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Blood-based cancer diagnosis: promising new strategy
This is post no. 1 under the main topic.
A new strategy for improved cancer detection via blood-based diagnosis has been described in a recent study in the journal Proceedings of the National Academy of Sciences (PNAS). The study comes from a team of researchers based in Stanford University and in National Yang-Ming University in Taiwan.

Early cancer detection can lead to dramatically improved effectiveness of treatment strategies. Blood-based diagnosis would be a major advantage in this regard, but despite intensive research efforts over decades, many apparently promising blood biomarkers have failed clinically. Problems such as variability of cancer biomarker expression by non-malignant cells and heterogeneity among tumours have proved to be frustratingly intractable.

In the current study, the research team attempted to overcome these issues by artificially engineering the tumour cells to express a reporter which is not normally expressed in any tissue. The researchers used nonviral safe vectors called “tumor-activatable minicircles”. These used the pan-tumour–specific survivin promoter to drive expression of a secretable reporter. The minicircles were systemically administered to mice that were expressing human melanoma metastases and also to tumour-free mice. The results indicated that by measuring blood reporter levels, tumour-bearing mice could be reliably distinguished from tumour-free mice for up to two weeks. Furthermore, tumour burden in the lungs correlated with cumulative reporter levels, indicating that the extent of disease progression could also be determined.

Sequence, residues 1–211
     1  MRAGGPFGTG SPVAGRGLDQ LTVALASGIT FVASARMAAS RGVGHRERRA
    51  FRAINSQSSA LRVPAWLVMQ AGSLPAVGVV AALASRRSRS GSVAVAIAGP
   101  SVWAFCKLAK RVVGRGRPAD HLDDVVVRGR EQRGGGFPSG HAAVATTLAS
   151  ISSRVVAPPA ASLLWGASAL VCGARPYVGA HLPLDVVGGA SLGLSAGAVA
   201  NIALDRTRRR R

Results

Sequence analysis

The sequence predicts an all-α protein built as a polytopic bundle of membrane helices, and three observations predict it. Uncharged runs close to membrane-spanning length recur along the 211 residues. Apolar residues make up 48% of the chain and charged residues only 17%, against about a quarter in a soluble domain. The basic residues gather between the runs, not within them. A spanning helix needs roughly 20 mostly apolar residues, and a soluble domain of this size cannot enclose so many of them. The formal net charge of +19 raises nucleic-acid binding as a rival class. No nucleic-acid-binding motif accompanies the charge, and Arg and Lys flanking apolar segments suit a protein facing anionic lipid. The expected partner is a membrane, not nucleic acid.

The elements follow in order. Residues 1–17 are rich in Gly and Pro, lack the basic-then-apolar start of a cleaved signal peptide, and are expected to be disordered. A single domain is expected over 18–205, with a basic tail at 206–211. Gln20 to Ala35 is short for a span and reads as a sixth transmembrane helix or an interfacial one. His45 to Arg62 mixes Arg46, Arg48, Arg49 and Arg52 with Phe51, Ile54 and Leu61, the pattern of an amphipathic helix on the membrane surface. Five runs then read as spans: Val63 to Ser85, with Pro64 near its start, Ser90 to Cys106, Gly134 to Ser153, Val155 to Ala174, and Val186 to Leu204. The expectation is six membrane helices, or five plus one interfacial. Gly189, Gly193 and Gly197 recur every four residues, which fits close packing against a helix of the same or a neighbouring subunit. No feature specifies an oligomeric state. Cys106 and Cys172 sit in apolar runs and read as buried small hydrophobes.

The study authors suggested that their test could first be used in patients with a high risk for tumour recurrence, then for diagnostic screening of high-risk populations and, if proven safe and effective, for the general population. They concluded: “Our system represents an alternative paradigm for improved cancer detection and could enable more timely interventions to combat this devastating disease.”

Reference: Ronald JA, Chuang H-Y, Dragulescu-Andrasi A, Hori SS, Gambhir SS. Detecting cancers through tumor-activatable minicircles that lead to a detectable blood biomarker. PNAS (2015) doi: 10.1073/pnas.1414156112
This is post no. 2 under the main topic.
Now I've heard from a teacher of mine, a biology teacher, and some of my fellow students that they're starting to come up with the idea of using tiiiiny nano machines, the size of cells possibly if they can get them that small, that will enter the body and get rid of cancerous tumors..
OR possibly doing what you just reported, but with the act of genetically modifying the tumor to introduce cell death, with the help of a modified bacteria that could enter the cancer cells and force cell death upon it.. theyre just having a hard time figuring out how to do this and NOT kill off other similar cells in the process. This is a great progress report! Thanks for the share!

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